3. #2
    Paul Jones's Avatar
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    Canobi,

    The fly cutter looks good and thank you for taking the time showing all the excellent photos and descriptions.

    Regards,
    Paul

  4. #3
    Canobi's Avatar
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    Not a problem, and thank you for the compliment
    It's not the destination but the journey you take to get there that matters.

  5. #4
    ncollar's Avatar
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    Canobi
    Very nice work and a tool you can be proud of. Please do not take it wrong but if you spin your countersink by hand it will produce a much smoother finish. I am convinced that you will make the set because of how good it works out.
    Nice machining and keep it coming
    Nelson

  6. The Following User Says Thank You to ncollar For This Useful Post:

    Paul Jones (02-27-2018)

  7. #5
    aphilipmarcou's Avatar
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    Hi Canobi,
    Any specific angle for the cutter hole to be at?.

  8. #6
    ncollar's Avatar
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    Canobi
    I just made a big facing cutter. I need a cutter for it and not really sure what size I want to use. My thoughts were to put 4 cutters on it but to get then all in perfect setting would require a tool and cutter grinder. My dis was from 1 inch thick cool roll 5 inches in diameter. I cut the drive pin from an old bar bell weight bar. Cut down to .750 and bore the hole in the disc .004 smaller. I heated the disc on my turkey roaster until it was red hot, nice and slow. When it got there I took the pin out of a glass of frozen water and dropped it into the hole and gave one tap for good measures. When it got cold I put it in a ER32 .750 collet and it had warpped some but not much. Turned it and trued it up and it looks nice. I can not wait to slip a cutter to it. I'll get a pic tomorrow.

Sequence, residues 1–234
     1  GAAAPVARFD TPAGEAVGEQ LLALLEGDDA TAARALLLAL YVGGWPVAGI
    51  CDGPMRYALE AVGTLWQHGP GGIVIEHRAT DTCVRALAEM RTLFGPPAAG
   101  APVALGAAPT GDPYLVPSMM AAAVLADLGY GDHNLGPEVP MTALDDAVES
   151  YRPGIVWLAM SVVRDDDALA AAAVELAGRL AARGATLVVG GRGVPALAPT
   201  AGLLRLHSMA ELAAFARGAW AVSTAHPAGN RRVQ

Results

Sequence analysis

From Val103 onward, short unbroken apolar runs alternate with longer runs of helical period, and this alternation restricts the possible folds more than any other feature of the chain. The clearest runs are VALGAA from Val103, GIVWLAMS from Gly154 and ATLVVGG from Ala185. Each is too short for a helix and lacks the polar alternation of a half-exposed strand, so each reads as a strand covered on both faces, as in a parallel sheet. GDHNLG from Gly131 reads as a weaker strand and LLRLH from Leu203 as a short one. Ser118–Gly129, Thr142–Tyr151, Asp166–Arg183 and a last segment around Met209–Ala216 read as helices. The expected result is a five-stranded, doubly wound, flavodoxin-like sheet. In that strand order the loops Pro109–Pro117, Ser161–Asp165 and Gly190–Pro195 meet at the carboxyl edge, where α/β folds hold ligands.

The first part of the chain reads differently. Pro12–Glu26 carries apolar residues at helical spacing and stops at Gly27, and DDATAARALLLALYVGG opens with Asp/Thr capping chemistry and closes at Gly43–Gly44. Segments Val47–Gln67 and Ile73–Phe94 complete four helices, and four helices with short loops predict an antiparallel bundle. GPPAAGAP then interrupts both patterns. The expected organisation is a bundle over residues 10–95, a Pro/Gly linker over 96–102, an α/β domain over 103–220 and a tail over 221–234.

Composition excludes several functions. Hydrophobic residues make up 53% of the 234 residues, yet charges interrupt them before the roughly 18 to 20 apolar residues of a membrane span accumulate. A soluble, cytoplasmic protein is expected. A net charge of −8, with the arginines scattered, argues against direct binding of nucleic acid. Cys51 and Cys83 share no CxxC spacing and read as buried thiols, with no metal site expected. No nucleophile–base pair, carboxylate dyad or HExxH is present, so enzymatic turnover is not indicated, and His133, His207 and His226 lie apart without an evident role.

Nelson

  9. The Following User Says Thank You to ncollar For This Useful Post:

    Paul Jones (02-27-2018)

  10. #7
    rossbotics rossbotics's Avatar
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    Turned out nice
    Comments are always welcome
    Doug



    Tool Plans for Sale by rossbotics




  11. #8
    Canobi's Avatar
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    Quote Originally Posted by ncollar View Post
    Canobi
    Very nice work and a tool you can be proud of. Please do not take it wrong but if you spin your countersink by hand it will produce a much smoother finish. I am convinced that you will make the set because of how good it works out.
    Nice machining and keep it coming
    Nelson
    Thank you for the compliment

    I went real slow with the cordless drill for chamfering but will take your advice and make a handle for the countersink so I can chamfer by hand. The finish never seems to come out well with the cordless anyway.
    It's not the destination but the journey you take to get there that matters.

  12. #9
    Canobi's Avatar
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    Quote Originally Posted by aphilipmarcou View Post
    Hi Canobi,
    Any specific angle for the cutter hole to be at?.
    I didn't choose one, I just went for an angle that was useful but felt wouldn't put too much strain on the cutter as it was spinning (I chose to use a 10mm bit for this one as it would be more resistant to flexural forces). However, since you asked, it piqued my curiosity to find out and the angle is 40°.
    It's not the destination but the journey you take to get there that matters.

  13. #10
    Canobi's Avatar
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    Quote Originally Posted by rossbotics View Post
    Turned out nice
    Thank you
    It's not the destination but the journey you take to get there that matters.